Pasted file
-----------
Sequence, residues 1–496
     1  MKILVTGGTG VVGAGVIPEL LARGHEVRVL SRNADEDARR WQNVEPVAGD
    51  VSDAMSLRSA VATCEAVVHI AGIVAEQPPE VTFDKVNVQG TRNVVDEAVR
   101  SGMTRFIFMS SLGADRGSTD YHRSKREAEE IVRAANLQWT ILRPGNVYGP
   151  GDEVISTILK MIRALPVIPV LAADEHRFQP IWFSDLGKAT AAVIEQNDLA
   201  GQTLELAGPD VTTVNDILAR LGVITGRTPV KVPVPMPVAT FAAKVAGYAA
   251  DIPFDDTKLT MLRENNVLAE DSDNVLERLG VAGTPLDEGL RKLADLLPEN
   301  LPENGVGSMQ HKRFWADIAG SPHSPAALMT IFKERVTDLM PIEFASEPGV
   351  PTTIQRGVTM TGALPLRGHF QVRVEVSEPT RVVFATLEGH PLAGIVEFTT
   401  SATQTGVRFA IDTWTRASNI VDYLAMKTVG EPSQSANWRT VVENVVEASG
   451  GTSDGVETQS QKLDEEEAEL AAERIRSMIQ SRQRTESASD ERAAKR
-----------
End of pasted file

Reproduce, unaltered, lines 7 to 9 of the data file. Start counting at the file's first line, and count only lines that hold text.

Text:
   251  DIPFDDTKLT MLRENNVLAE DSDNVLERLG VAGTPLDEGL RKLADLLPEN
   301  LPENGVGSMQ HKRFWADIAG SPHSPAALMT IFKERVTDLM PIEFASEPGV
   351  PTTIQRGVTM TGALPLRGHF QVRVEVSEPT RVVFATLEGH PLAGIVEFTT